Friday 21 February 2014

Okra: A pod worth picking on.

Originating from Africa, the word Okra, called Okwuru, may have sprouted from one of the Nigerian dialects in the Igbo language. The French call it "gumbo". In the Indian sub-continent, Bhindi, bheeda. The Arabic world, Afghanistan, Iran, and the Middle East all refer to it as Bamia/Bamya/Bamieh. The Egyptians refer to it as a stew with lamb, similar to our Parsi Bhida ma gos! It is also popular in the Far Eastern world, in Malaysia, Singapore, and Thailand in particular. 

Mostly eaten cooked, it can be consumed raw. Keeping it crisp has the maximum nutritional value. Crispy fried in tempura batter, it can be delicious. Try the same in a pakora batter. Stuffed Okras are a delicacy served at weddings in certain cultures! 

I can just imagine those noses being turned up at this understated, happily avoided vegetable! If cooked right, they can be delicious. It's worth a shot, believe me.

People have always been clever enough to know which vegetables help prevent and cure certain ailments. Our wise ancestors seemed to have shared their knowledge and stayed healthy with the help of nature's bounty. In modern days, we are fortunate enough to find out the detailed analysis of everything. The DNA of a piece of vegetable is quite incredible. Broken down into minerals, vitamins, and antioxidants, it can tell us exactly how it can help us maintain good health. What we take for granted and shrug away lightly on a daily basis, can essentially be our road to preventive medicine. This could work to our advantage as we learn more about this amazing pod. 

Modern medicine is a privilege; with that comes a price we pay. Food and nutrition may not be able to stop an illness in its tracks, but it can certainly help us stay healthy and happy. Invest in your health. It is everything and more to enjoy life. "Let food be thy medicine, and medicine be thy food." – Hippocrates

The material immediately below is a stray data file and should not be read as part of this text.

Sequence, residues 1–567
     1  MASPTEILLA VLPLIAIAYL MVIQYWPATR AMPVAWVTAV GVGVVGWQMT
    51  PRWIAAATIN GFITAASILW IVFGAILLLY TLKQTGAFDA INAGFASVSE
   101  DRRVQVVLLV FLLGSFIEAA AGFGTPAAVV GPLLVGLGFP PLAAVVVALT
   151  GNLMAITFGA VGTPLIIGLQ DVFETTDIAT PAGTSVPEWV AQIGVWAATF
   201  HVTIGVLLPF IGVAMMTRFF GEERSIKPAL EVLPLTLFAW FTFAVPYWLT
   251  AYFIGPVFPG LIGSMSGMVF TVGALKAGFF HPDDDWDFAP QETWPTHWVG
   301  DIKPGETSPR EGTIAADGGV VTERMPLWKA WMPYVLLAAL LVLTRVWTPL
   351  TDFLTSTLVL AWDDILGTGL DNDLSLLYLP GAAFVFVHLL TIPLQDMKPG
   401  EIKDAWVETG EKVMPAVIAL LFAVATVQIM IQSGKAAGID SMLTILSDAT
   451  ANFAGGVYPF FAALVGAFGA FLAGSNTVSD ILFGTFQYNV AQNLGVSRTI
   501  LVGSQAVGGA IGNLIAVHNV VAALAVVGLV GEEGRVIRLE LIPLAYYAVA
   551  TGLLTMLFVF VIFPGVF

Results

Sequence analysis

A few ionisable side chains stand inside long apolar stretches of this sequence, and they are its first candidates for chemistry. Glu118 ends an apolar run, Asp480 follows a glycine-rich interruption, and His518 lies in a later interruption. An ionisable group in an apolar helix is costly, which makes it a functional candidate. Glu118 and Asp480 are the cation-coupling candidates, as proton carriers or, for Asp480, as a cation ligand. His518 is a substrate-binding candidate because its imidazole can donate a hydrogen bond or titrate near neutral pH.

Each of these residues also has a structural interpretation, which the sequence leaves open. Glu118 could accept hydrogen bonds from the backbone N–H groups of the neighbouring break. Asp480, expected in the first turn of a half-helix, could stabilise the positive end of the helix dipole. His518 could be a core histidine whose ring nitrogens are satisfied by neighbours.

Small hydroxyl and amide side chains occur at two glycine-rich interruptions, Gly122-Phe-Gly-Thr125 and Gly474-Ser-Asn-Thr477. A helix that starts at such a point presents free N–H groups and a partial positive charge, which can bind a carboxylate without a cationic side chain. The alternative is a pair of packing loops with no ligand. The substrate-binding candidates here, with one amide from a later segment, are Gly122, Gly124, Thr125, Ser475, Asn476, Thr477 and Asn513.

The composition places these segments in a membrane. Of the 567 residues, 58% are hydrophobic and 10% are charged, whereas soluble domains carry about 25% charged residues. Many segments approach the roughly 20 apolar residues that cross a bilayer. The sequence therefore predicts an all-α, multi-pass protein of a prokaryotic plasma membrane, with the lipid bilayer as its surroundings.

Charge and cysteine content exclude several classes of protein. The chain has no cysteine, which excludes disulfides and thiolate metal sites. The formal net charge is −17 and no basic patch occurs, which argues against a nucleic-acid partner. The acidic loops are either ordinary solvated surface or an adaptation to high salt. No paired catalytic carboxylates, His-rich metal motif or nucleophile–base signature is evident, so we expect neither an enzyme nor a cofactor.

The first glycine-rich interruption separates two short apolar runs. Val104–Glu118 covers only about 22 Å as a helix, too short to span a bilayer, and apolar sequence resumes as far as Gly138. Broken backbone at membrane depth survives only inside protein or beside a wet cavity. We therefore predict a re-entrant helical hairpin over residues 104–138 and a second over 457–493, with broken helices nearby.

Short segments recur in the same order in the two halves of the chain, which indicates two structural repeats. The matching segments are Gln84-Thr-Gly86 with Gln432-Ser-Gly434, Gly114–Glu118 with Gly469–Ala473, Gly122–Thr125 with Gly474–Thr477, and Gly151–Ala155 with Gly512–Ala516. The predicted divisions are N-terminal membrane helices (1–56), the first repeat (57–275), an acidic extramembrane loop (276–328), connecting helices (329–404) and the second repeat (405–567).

This long green pod of goodness grows on a small green stem. The okra itself can be short and stubby, long and fat or thin and crisp. Variations depend on the geography and the soil where it grows, when it is harvested and lots of other factors. It is part of the mallow family and is related to the cotton crop, hibiscus, and hollyhock plants. It is mostly a tropical plant grown in the heat of the summer.

The beautiful flower that blossoms on the Okra vegetable stem.
It can be rather prickly with the thorns!

Short and Stubby

Young and Tender

Naturally high in alkali, it helps to balance the acidity in our body. It is also considered to be a good natural gut cleanser and a probiotic. It contains good flora, which is known to prevent all sorts of stomach-related problems, such as constipation and digestive problems. Colorectal problems and those associated with the colon may be kept at bay. It helps in healing ulcers and acid reflux. 
Additional health benefits include glowing skin. It can prevent pimples from popping up! 
It is brilliant for nurturing the scalp. Including dandruff protection, it can help rejuvenate dry, listless hair in need of new life. 
People living in India, the UK, and Canada regularly drink a glass of water soaked overnight with fresh Okra to help diabetics maintain their blood sugars. 
Full of minerals and vitamins, it helps build strong bones, prevents osteoporosis and looks after the joints in general. The folate present in okra can help women keep healthy during pregnancy. 

The plant is made of the outer green pod, the little white pearly beads inside, and the "top," which is the root of the pod. It is slightly furry on touch and can be hard and fibrous as it becomes older, yet sweet and crisp when picked early on. It is best eaten when young and tender. It contains a mucilaginous juice which gives it a slimy texture; a result only once touched by a knife! This slimy sensation is generally what turns people off from eating this vegetable. There are a number of ways to reduce or avoid that.

The sliced  vegetable

                                                                                          The slit vegetable                                                                                                     

Niloufer's Kitchen; Learn the art of eating!!

Images from Google

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